I’ve been doing more and more teaching these days. And the more I teach spinning workshops, the more fiber supplies I must buy. There are several advantages to this need to buy: I can keep up with current fiber supply trends and current costs; I get to see a regular turn-over of content in my fiber inventory; and I get to know vendors who are good fiber sources (and sometimes not-so-good fiber sources). I also get to share source information with others.
My recent participation in The Gathering 2010 in Vermont included more than teaching workshops. I also got to shop. I mean, I had to shop.
There were perhaps a dozen vendors at the retreat. My plan was to carefully peruse each booth for supplies I will need for upcoming teaching events. I’m always on the look-out for such things as good carded rovings, washed locks, down fibers, and silk hankies.
When I entered the room where the vendors were set up, my eyes were immediately drawn to the first booth on the right: Robin Russo’s The Spinning Studio (802-222-9240). Robin had two enormous boxes of brilliantly dyed silk hankies right up front. Wow! I shuffled through the first box, grabbing about 6 bags of various colors of silk hankies. I was afraid of losing control, so I stopped grabbing and paid for the hankies in hand.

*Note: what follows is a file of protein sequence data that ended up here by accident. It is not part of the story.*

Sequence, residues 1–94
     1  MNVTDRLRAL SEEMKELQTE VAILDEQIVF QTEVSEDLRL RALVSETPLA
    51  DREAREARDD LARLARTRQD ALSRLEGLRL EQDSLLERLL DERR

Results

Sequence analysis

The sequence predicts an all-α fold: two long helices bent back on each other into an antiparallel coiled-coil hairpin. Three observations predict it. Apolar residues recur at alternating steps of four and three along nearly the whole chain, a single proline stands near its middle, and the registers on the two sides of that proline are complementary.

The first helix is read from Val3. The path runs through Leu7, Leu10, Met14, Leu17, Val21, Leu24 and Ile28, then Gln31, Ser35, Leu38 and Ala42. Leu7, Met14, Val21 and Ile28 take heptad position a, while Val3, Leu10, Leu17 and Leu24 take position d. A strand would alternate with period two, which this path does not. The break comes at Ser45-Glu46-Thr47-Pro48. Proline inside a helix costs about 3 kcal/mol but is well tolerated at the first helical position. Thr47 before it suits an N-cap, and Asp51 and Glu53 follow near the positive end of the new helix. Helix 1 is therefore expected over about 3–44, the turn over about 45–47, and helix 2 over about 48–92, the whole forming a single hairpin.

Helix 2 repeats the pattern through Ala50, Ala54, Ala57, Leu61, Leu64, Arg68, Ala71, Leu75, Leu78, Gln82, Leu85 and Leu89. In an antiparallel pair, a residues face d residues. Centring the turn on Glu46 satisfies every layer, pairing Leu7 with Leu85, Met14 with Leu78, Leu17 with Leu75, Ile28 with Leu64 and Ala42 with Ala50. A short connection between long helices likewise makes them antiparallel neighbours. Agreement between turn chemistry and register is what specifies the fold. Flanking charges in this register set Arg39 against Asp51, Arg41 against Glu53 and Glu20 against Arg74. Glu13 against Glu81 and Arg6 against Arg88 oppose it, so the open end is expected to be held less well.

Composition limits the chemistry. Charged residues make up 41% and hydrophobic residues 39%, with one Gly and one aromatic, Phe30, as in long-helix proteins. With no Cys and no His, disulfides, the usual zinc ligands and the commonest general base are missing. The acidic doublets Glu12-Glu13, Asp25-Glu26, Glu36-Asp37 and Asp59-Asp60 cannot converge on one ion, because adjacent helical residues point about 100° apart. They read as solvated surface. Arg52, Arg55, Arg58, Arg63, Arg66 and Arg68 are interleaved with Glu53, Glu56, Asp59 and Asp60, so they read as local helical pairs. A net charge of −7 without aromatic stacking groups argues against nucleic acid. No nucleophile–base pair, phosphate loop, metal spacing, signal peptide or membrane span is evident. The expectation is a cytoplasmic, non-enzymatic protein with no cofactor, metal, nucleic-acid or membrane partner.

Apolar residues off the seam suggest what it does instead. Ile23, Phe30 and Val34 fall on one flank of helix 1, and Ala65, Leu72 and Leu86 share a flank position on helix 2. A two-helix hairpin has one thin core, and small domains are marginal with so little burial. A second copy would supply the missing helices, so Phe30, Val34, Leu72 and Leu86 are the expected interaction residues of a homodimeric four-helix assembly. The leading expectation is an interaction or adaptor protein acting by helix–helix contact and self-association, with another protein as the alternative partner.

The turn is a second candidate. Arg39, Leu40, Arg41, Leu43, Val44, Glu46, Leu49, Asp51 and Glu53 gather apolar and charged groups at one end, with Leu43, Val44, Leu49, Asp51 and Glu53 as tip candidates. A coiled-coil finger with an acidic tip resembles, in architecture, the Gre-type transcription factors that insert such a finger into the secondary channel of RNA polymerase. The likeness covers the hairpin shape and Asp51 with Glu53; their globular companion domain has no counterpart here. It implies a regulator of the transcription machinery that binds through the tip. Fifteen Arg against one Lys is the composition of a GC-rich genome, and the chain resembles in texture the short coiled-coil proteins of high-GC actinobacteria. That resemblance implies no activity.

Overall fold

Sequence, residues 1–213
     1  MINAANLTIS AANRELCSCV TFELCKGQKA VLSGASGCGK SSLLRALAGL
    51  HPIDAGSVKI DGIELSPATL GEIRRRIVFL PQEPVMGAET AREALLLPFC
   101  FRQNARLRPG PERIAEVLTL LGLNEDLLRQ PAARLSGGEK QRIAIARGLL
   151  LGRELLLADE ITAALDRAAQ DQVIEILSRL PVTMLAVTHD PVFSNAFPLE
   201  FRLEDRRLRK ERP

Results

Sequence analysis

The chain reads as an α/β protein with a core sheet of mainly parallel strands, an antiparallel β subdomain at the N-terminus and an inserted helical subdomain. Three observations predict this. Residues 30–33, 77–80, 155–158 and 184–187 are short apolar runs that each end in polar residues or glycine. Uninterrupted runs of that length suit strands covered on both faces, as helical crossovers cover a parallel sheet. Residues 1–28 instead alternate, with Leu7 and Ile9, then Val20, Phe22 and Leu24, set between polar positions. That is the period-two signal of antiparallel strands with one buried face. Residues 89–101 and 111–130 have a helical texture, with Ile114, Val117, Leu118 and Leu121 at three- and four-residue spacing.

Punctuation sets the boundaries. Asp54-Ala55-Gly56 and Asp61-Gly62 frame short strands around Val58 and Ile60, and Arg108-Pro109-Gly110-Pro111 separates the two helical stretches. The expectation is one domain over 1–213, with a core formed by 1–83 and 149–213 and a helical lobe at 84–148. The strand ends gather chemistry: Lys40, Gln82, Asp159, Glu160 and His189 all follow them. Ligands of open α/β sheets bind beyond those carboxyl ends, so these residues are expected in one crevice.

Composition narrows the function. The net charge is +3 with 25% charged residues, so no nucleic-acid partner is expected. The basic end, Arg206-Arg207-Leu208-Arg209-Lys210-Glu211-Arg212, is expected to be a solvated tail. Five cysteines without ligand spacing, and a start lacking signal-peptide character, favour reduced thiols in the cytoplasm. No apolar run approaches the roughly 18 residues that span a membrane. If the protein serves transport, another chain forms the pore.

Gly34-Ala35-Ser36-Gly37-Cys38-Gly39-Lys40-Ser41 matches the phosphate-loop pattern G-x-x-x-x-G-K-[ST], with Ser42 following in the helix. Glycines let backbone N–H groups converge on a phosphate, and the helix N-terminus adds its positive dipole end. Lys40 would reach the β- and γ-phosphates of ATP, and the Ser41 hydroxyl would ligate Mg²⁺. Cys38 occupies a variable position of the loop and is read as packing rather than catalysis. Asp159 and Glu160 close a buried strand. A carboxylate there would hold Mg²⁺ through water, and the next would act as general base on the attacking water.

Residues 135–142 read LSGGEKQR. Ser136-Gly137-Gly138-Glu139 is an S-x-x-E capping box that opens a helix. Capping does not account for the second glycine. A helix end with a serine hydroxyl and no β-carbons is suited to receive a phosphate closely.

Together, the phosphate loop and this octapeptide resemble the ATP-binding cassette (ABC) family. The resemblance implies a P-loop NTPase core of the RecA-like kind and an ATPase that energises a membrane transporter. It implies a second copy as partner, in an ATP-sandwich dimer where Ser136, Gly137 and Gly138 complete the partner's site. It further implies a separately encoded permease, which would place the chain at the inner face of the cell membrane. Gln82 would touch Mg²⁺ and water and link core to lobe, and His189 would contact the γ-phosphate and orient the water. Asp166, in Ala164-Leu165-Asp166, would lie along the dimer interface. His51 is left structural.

I was very pleased with that purchase. I’m scheduled to teach my “Spinning with Silk Hankies” workshop twice in early 2011: first for the Manasota Weavers Guild in Sarasota Florida in March, and then at the Duluth Art Institute in Duluth, Minnesota in April. (See my website for specific dates and contact information.)
I then found a wonderful source of cashmere: Norma Bromley, who had been the workshop coordinator for The Gathering, raises cashmere-producing goats. Her business name is Boreas Farm Cashmere. I bought 1 ounce of a lovely brown cashmere, and 2 ounces of cashmere blended with silk. Norma doesn’t have an internet presence, but you can contact her by email, firstname.lastname@example.org
My next stop among the vendors was at Vermont Grand View Farm. They raise Romney sheep and Angora goats. I bought 8 ounces of white Romney roving, and 8 ounces of grey Romney/mohair roving. Both are delightfully pleasant and easy to spin.
With my requisite shopping done, I returned to my room. That night I had second thoughts about all those silk hankies. They were so beautiful, and the price was right. I really, really should have bought some more….
So, the next day, I promptly went back to the vendors and snagged several more bags of silk hankies. In all, I purchased over 11 ounces of silk hankies. That may not sound like much, but silk hankies go a long way. Here’s a picture of my purchase triumph:
These hankies will be added to my current stash that includes wonderful silk hankies from two of my favorite sources of fiber for spinning: Bonkers Handmade Originals and River’s Edge Fiber Arts.